This problem began in the late 1990s, with the dissolution of the Glass-Steagall Act, that separated commercial and investment banking. It appears that we expect, however, that this decade long problem-in-the-making is solved immediately.
"What is taking so long?" is the predominant economic question.
We have, apparently, become a nation convinced that there are simple, quick solutions to everything.
We continue to face declines in manufacturing, rising unemployment, plummeting housing prices and a distinct lack of consumer confidence. On the bright side, inflation is almost non-existent, interest rates are at decade lows, and capital markets show unmistakable signs of predicting an end to our recession. We are working on financial reform and the excesses of the past seem, at least for the present, to have subsided.
It's a mixed bag. We will not suddenly pop out of this quagmire in a month or two. That is clear.
It is also clear that we will politicize economic issues. We will criticize the Economic Team, point to rising deficits, scream about banker's bonuses and wonder why we're not back to normal seven months from the inauguration of the new administration.
Yet, not one of these issues is directly relevant.
Rising deficits? Yes. Was there an alternative to a huge cash infusion into the economy? No.
Banker's bonuses? Yes. Are they a significant percentage of the "bailout money?" No.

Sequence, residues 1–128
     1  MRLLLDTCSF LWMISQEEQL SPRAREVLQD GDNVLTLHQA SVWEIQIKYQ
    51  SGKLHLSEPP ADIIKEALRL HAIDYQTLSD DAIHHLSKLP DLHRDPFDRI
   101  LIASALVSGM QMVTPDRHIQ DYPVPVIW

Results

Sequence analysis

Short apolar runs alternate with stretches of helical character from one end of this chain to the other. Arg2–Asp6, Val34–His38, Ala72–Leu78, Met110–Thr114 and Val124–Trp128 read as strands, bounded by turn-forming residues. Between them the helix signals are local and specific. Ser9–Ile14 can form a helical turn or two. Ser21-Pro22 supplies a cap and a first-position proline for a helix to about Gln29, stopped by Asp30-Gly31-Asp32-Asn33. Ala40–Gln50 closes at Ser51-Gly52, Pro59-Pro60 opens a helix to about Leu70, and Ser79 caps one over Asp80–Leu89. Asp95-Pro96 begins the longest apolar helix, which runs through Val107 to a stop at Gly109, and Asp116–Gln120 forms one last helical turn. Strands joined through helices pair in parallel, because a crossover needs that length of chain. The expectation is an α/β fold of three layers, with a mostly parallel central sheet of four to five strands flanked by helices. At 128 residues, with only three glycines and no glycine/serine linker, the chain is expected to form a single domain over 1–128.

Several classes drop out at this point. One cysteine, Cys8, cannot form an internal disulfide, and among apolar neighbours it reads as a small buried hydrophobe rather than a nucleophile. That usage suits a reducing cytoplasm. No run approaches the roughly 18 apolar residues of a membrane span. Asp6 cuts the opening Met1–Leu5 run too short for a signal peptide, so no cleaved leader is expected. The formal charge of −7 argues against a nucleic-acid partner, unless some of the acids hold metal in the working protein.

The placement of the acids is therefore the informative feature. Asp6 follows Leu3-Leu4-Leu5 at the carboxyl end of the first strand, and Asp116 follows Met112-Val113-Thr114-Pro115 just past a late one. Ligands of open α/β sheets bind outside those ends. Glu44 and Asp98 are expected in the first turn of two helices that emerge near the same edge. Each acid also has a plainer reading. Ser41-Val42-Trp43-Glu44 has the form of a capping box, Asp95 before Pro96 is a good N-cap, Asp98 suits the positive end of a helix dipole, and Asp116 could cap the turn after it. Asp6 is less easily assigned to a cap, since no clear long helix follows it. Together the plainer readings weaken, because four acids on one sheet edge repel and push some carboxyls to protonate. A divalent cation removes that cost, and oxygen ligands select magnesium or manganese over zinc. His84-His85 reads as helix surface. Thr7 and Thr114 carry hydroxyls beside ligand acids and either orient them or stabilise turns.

What, then, should we be discussing?
- Financial Regulation - Plug up the holes that caused excesses without unduly burdening the financial system
- Long Term Employment Growth Policy - Some jobs, including much manufacturing, are gone forever. Reeducating the work force for long term employment is vital
- Deficit Reduction and National Debt Repayment - Once we've stabilized the economy and gotten back to work (in about a year), we need to raise taxes. Yes, we all need to pay more taxes to reduce the current deficit and repay the national debt. It is as big a security issue as reliance on foreign oil.
There you have it. It's not a pretty story, but at least we're talking about the real issues.
As always, your comments are most welcome.
Monday, August 3, 2009
We've previously discussed the fact that the current unemployment rate, while high, is not at the level it was in some previous recessions. We've also discussed that unemployment tends to last longer than recession, and is therefore called a "lagging" indicator.
But that's not the whole story. Further research shows that unemployment may actually be behaving differently than it has in past economic recoveries.